The National Trust for Historic Preservation's yearly tally of significant historic buildings lost and saved has officially dropped, and while 2014 boasted some major architectural preservation wins in 2014—Cincinnati's Union Terminal! Moffett Field's Hangar One!—there were are also bruising losses, including New York City's beloved 5Pointz Warehouse, whose status as a cultural and artistic touchstone wasn't enough to save it from being reduced to a commemorative plaque hung on a "curated graffiti wall" next to some nondescript condo towers.Read More
Mapping the Biggest Preservation Wins and Losses of 2014
1. Win: Cincinnati’s Union Terminal
Cincinnati, OH 45203
The last passenger trains rolled out of Cincy's Union Terminal back in 1972, leaving the future of the Art Deco landmark with the world's second-largest half dome in doubt, with only quick action from the City Council preventing it's demolition in 1973. Even an adaptive reuse project that converted much of the station to a museum complex and the return of passenger rail couldn't keep the icon from landing on the National Trust's 11 Most Endangered Places list. A recent overwhelming vote in favor of a ballot measure to restore and preserve Union Terminal finally ensured the station's survival.
2. Win: Atlanta Daily World Building
Atlanta, GA 30303
This humble storefront in the heart of the historic Sweet Auburn district was home for over 80 years to Atlanta's oldest black newspaper, the Atlanta Daily World. After a tornado damaged the building in 2008, the paper decamped to the suburbs and the water-damaged building languished on the market while plans were made to demolish it to make way for new development. Preservationists worked to block the demolition, and this year the red-brick structure was purchased as part of a deal to restore and redevelop this block of Auburn Avenue. Photo via Atlanta Preservation Center
3. Win: Moffett Field's Hangar One
Mountain View, CA 94043
Moffett Field's massive Hanger One—built in 1932 to house the Navy's dirigible aircraft U.S.S. Macon—has sat exposed to the brutalizing effects of the San Francisco Bay elements since the discovery of toxic chemicals in its outer skin. This year search giant Google rescued the spacey-looking structure from further deterioration by inking a $200M deal to restore the hangar for use by its aerospace subsidiary Planetary Ventures.
4. Win: Hinchliffe Stadium
Paterson, NJ 07522
Built in the early 1930s and based on a design by the Olmsted Brothers, Hinchliffe Stadium is one of the last remaining stadiums where Negro League baseball was played, having served as the home field of the New York Black Yankees from 1933 to 1945. This year Congress passed a bill which named the historic stadium as one of the National Trust for Historic Preservation’s National Treasures, a designation which supporters plan to leverage to free up badly needed restoration funds. Photo via NorthJersey.com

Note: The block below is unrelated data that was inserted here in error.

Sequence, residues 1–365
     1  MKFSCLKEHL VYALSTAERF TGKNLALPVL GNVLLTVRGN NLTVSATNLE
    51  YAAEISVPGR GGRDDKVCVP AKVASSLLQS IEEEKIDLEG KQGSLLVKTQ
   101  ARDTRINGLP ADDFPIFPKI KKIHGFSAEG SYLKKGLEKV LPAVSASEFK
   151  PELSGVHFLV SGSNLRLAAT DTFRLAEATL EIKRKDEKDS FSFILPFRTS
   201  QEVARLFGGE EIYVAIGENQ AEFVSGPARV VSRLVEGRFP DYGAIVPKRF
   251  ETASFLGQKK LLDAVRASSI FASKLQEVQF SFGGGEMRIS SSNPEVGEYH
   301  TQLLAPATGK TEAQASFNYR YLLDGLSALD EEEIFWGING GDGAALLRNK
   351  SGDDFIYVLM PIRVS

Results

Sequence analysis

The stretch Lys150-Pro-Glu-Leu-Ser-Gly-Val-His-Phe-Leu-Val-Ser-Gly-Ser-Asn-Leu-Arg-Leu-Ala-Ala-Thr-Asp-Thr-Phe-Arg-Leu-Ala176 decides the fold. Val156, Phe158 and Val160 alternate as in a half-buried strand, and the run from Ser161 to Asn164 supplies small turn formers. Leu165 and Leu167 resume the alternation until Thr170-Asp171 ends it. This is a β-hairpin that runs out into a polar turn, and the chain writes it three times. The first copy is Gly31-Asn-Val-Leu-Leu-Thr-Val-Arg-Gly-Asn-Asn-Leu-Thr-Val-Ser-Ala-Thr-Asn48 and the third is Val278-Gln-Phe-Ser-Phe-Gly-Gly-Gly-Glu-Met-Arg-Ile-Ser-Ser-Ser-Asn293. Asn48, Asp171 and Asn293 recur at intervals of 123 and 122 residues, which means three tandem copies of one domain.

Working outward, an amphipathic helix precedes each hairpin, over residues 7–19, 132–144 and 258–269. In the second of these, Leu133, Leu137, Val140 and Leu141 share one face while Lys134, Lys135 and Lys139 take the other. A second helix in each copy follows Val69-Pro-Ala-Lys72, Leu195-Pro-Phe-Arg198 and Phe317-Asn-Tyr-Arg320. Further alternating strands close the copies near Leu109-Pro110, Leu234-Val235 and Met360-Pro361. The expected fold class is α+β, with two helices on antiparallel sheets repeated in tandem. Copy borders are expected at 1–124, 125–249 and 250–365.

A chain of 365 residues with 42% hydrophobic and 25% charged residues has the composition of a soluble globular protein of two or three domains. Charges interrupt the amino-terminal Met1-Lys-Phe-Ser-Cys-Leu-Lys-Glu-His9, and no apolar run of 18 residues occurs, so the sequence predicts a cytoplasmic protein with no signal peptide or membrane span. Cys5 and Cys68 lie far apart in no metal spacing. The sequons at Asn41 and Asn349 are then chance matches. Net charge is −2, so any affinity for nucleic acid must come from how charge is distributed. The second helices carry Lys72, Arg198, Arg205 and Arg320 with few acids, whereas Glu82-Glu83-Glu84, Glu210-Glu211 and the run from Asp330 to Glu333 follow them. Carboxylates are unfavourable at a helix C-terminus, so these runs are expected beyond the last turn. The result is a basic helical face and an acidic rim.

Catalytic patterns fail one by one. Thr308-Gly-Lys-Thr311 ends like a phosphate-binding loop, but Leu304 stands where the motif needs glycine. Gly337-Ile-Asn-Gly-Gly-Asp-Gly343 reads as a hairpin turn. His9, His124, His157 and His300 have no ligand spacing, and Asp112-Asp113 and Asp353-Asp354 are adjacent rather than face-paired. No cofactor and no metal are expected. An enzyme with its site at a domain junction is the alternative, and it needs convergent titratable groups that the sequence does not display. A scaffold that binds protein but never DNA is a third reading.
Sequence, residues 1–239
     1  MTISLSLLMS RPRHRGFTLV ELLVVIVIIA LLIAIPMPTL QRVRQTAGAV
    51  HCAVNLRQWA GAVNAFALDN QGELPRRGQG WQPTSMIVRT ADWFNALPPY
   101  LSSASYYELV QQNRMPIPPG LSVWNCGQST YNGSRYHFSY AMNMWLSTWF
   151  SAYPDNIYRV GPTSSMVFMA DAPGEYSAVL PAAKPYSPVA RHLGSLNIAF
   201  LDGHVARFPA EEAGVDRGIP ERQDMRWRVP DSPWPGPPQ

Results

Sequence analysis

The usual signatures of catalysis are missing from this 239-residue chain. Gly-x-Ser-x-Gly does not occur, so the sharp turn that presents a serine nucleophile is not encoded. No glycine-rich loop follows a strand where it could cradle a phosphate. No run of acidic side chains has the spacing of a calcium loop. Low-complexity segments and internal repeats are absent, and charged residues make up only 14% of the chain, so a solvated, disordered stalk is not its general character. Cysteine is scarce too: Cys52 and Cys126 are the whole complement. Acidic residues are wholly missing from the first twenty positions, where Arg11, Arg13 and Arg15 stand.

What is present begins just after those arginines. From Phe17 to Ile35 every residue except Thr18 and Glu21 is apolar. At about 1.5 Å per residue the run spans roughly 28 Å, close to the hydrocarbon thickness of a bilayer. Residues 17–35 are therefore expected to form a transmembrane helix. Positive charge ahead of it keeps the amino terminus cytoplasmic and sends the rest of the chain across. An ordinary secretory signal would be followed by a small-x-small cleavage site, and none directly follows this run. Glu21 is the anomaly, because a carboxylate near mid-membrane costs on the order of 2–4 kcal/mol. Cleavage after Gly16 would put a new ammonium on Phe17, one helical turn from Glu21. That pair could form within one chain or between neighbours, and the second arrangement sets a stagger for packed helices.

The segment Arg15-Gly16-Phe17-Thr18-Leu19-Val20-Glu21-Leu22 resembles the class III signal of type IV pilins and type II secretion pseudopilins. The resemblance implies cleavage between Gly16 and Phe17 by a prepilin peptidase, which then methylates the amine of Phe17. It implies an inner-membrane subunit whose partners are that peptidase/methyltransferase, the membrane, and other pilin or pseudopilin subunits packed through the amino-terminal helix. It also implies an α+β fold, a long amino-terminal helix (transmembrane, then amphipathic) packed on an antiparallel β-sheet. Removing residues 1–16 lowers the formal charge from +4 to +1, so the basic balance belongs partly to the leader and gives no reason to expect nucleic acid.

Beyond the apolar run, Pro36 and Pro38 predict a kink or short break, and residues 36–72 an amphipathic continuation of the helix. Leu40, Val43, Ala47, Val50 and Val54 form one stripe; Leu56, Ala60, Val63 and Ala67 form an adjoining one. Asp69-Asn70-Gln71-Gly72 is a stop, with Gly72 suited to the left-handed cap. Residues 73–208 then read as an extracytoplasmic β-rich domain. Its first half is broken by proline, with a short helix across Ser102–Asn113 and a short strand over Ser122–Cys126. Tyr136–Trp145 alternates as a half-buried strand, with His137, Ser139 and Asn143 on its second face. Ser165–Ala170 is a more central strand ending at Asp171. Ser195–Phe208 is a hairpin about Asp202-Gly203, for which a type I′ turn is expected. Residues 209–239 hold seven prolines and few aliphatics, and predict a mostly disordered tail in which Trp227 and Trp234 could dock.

5. Loss: The New Orleans Woolworth
New Orleans, LA 70112
Luxury apartments trumped Civil Rights history in New Orleans when the French Quarter's vacant Woolworth Building was demolished to make way for a residential development whose size and scope was hotly debated by preservationists and some city council members. Built in the 1940s, the Woolworths was the site of the first lunch counter sit-in to be held in the city of New Orleans. It was demolished in October. Photo via: NoLa.com
6. Loss: Mummer's Theater
Oklahoma City, OK 73102
John M. Johansen's 1970 synthesis of "brutalism and systems theory," a.k.a. Oklahoma City's Mummer's Theater, finally succumbed to water damage and fiscal instability this year, when a long, public battle to save the unique complex ended in the depressing spectacle of the performing arts center's destruction being broadcast live on the DemolitionCam feeds of local news stations.
7. Loss: 5Pointz Warehouse
Long Island City, NY 11101
New Yorkers are still mourning the loss of this 19th-century warehouse, which over the years became covered with one of the most important collections of graffiti art in the world—came to be synonymous with NYC hip-hop culture. Supporters of the building suffered through a 2013 white-washing of the building and other insults, before the warehouse ultimately met the wrecking ball in October. Photo via: Wikipedia